Magazine claims to expose bookies
New Delhi: Sports Illustrated India, a leading sports magazine, claims to expose "dirt in cricket" in its latest issue which features conversations with bookies.
The magazine claims that bookies have taken names of Indian cricketers as well but refused to publish those, saying it will share all the material gathered with the International Cricket Council and the Board of Control for Cricket in India.
The magazine said that a senior BCCI official told their reporter how there were serious concerns over unsavoury characters hanging around the players in the second edition of the IPL, that took place in South Africa, and also during the Champions League.
"Several known shady characters based in the Middle East, but not seen in India, flew into South Africa and booked rooms in the players? hotel," the official was quoted as saying by the magazine which hit the on Saturday.
"It`s not that we are unaware of the situation or the rumours," added an ICC official.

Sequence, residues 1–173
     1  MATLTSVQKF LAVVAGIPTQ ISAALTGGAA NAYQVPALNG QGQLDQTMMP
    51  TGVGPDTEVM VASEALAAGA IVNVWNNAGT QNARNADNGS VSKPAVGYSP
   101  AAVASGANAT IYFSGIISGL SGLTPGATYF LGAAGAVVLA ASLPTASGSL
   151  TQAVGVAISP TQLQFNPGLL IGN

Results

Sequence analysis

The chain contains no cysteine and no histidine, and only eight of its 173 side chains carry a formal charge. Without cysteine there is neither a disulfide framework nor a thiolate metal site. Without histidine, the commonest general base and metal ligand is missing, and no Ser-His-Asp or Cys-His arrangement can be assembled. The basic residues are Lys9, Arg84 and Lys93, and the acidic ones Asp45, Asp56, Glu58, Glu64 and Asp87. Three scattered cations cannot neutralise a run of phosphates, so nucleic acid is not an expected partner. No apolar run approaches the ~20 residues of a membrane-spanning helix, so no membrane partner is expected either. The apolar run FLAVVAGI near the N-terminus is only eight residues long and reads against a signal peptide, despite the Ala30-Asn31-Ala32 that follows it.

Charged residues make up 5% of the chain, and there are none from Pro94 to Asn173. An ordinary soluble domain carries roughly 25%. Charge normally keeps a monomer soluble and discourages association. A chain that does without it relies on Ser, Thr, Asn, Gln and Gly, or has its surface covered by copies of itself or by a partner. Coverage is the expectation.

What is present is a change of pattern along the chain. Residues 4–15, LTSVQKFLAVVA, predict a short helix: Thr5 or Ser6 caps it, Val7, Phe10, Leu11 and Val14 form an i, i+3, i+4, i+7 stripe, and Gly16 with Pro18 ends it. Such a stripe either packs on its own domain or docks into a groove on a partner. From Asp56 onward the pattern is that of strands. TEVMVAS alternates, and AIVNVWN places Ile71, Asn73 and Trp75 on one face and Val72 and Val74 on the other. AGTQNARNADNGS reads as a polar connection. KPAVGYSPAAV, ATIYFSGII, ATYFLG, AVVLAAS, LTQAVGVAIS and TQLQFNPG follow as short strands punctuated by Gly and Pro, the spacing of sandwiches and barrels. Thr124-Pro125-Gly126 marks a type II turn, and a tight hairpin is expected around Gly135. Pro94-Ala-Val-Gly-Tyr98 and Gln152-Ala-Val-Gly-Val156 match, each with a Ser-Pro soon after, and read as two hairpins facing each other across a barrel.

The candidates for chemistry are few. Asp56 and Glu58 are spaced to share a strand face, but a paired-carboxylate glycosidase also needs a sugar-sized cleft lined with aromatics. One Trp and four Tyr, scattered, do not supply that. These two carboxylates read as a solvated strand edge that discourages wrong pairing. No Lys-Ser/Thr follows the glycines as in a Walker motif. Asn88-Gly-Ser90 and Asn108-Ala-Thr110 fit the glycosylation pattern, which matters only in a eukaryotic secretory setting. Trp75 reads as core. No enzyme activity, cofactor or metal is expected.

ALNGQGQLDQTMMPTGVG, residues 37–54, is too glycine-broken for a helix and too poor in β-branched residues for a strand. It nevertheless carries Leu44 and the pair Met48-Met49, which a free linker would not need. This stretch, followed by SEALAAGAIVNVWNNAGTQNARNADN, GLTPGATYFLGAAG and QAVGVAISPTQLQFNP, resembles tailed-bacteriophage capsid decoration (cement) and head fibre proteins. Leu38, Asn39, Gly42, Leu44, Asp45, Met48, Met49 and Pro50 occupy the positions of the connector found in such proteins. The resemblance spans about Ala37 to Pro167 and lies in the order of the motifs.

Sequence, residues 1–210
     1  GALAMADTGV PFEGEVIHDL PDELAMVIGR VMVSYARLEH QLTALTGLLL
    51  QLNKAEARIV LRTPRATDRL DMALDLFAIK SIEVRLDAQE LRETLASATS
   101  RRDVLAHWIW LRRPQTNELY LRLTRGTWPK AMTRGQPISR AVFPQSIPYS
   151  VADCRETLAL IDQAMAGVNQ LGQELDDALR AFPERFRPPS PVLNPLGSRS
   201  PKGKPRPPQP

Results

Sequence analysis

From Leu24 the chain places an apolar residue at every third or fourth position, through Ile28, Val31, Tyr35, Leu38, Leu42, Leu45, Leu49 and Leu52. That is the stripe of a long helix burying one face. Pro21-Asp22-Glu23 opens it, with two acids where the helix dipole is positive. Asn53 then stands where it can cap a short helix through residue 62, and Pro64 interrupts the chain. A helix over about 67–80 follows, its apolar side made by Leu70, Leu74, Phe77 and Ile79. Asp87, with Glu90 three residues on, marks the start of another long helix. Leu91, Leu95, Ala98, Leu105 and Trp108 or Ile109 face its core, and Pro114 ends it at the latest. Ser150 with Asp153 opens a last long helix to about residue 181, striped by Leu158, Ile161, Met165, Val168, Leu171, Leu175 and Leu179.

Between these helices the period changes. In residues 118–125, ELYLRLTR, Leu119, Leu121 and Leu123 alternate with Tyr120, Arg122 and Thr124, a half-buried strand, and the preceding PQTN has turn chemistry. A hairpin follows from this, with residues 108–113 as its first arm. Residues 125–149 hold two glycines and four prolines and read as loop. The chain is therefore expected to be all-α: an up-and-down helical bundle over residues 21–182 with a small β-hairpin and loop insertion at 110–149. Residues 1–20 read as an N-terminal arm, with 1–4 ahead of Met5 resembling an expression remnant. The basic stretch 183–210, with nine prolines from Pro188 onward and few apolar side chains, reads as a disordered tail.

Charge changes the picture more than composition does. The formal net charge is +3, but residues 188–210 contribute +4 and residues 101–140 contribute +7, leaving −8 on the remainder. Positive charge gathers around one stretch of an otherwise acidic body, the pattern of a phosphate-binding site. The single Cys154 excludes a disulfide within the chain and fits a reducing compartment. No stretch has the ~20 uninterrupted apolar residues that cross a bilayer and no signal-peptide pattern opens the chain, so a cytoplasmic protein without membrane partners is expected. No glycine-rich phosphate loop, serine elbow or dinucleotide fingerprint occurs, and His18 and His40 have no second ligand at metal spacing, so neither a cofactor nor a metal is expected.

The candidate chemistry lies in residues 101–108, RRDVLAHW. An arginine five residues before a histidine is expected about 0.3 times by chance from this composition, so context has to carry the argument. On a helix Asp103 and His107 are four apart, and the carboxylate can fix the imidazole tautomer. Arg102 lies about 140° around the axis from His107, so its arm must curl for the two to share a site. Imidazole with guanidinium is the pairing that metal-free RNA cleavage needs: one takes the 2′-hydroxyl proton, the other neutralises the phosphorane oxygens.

"We also get any number of tip-offs and see which ones seem more serious. There`s so much access [to players] that it’s difficult to control everything," he added.
More from India
More from World
More from Sports
More from Entertaiment
- DNA: Analysis of Indus water treaty between India and Pakistan
- DNA: US army's joint exercise with Indian Army and their consolation on Uri attack
- India- America joint military exercise begins in Ranikhet
- India to activate laser walls on LOC to stop infiltration
- Exclusive: This is what Kashmir's stone pelters have to say!
- SETBACK! Sedition case against 200 Congress workers for shouting 'Pakistan Zindabad' slogans during rally for Uri martyrs
- Did Arvind Kejriwal tweet in favour of Pakistan over Uri attacks? Here is what Twitter says
- Rameez Raja picks all-time XI - Three Indians, but just one Pakistani make it to the list
- This Hindu-dominated village in West Bengal is not allowed to organise Durga Puja as Muslims don't want it
- As Pakistan gloats over hosting 70 Russians, 250 Indian Army soldiers renew bonds in Vladivostok